Texas students in certain grades would no longer have to pass the state achievement test to be promoted under a new school accountability plan unveiled Tuesday by leaders of the House and Senate education committees.I couldn't agree more; a single test--especially one branded as an "assessment"--should not carry as much weight as the TAKS has since its inception. And others agree:
The proposal would scuttle a requirement originally championed by former Gov. George W. Bush as a way to curtail the widespread practice of social promotion – automatically passing students regardless of achievement.
In addition, the new accountability plan would base annual school performance ratings on three years of test scores rather than the most recent year, allowing school districts and campuses to make up for a bad year of results with a couple of positive years.
Senate Education Committee Chairwoman Florence Shapiro, R-Plano, said school districts would be able to decide their own criteria for promotion of students, using test scores, grades and whatever else is considered appropriate. She said students who fail in the three grades would receive additional instruction.Some people don't favor the idea, saying that it would increase "social promotion," but the only person quoted in the story as supporting it, Sandy Kress, was also the architect of the federal No Child Left Behind act, which doesn't seem to have many fans at all at the moment; I'll take the word of teachers over that of an educrat/lobbyist/lawyer almost any day.
"These decisions need to be made locally and not dictated by the state," Ms. Shapiro said, insisting the move would not undermine promotion standards. "We're not saying [these students] won't be held back. We're just saying the decision won't be based on one test."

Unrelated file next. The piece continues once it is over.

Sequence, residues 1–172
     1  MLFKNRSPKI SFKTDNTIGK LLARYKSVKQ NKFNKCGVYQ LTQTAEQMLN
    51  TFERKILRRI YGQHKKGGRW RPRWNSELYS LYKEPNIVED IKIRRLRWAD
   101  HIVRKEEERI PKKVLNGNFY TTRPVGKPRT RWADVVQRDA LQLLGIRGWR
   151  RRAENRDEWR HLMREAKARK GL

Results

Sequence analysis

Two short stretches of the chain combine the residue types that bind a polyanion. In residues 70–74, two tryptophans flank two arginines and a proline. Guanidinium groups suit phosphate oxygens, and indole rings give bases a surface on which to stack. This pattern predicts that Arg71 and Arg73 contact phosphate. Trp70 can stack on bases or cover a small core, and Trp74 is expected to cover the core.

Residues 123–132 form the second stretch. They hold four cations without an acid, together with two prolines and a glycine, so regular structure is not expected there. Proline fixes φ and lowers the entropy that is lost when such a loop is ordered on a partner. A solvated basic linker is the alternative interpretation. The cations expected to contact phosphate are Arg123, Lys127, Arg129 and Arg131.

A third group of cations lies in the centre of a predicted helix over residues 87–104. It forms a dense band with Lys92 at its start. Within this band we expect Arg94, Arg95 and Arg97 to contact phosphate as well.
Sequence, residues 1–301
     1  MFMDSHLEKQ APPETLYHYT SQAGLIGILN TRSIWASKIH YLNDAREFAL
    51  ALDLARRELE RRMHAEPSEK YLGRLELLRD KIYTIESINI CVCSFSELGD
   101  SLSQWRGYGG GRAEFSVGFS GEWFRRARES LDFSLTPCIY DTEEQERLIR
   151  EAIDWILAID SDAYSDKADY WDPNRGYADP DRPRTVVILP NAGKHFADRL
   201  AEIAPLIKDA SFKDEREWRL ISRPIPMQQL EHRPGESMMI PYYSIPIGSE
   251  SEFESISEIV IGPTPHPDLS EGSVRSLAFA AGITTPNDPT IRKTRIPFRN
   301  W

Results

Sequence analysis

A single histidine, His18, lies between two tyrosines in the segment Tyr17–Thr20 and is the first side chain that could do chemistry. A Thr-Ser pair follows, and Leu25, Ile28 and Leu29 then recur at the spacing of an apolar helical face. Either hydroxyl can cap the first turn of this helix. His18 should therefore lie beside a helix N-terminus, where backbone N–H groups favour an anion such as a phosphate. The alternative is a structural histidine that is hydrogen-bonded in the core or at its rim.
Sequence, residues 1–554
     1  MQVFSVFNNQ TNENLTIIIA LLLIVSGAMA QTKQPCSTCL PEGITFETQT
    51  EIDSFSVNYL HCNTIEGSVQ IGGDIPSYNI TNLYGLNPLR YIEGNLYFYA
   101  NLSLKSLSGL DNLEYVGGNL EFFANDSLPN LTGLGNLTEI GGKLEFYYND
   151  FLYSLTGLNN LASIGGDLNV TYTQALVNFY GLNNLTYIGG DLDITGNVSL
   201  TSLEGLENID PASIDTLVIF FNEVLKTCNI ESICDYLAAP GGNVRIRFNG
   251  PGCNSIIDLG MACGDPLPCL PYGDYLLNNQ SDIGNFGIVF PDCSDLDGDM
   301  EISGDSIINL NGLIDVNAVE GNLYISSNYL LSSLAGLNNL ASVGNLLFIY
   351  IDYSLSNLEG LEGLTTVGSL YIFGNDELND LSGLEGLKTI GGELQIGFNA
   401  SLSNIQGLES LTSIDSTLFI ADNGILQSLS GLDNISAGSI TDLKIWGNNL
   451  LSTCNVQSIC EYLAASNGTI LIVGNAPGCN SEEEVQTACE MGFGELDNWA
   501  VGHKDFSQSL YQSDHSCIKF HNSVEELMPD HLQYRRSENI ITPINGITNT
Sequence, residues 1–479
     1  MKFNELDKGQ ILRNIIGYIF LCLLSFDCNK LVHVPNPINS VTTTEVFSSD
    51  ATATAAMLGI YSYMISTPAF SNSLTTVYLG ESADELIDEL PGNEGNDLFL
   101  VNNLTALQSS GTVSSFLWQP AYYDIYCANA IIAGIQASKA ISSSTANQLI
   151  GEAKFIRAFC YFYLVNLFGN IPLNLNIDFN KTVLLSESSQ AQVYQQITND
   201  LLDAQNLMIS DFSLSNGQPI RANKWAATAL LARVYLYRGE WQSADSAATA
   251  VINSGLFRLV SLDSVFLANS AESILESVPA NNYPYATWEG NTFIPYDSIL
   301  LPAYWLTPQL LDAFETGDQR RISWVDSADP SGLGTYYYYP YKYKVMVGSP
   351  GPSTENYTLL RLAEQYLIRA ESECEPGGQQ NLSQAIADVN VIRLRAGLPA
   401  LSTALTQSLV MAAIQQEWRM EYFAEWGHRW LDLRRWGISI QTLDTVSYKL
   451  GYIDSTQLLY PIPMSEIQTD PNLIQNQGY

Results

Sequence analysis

[...]Len Phipps, a teacher at Cowart Elementary School in southwest Dallas, said most teachers don't like the idea of a single test determining whether a student moves up to the next grade.
"The test by itself is not enough to make the decision on whether a child should be promoted," Ms. Phipps said. "Other factors, like teacher input, need to be considered. There can also be extenuating circumstances for some children."
So it looks like the Texas Legislature is starting to understand that students (and schools) shouldn't be penalized for taking one bad test, and an average of several years' worth of tests should be the main criterion for evaluating a school. Now let's go on to the next step: Revamp the state's no pass/no play law so that it only penalizes students who have a cumulative failing average for a six-weeks period, not those who fail a single class. I've been an advocate for this since grad school, for the same reasons stated by the legislative committee for revamping the TAKS promotion standards: It doesn't provide for the student who has a bad day (as in failing an exam that is worth, say, over half the grade for the six weeks) or even a bad teacher.
(I should also note that I was surprised to see that no pass/no play had its own Wikipedia page, and more than a little annoyed to see music incorrectlly referred to as an extracurricular activity; certainly, there are extracurricular components to music, such as marching band, but fine arts are indeed a part of the curriculum.)
Does anyone think that the Lege will take me up on this idea? I'm not holding my breath...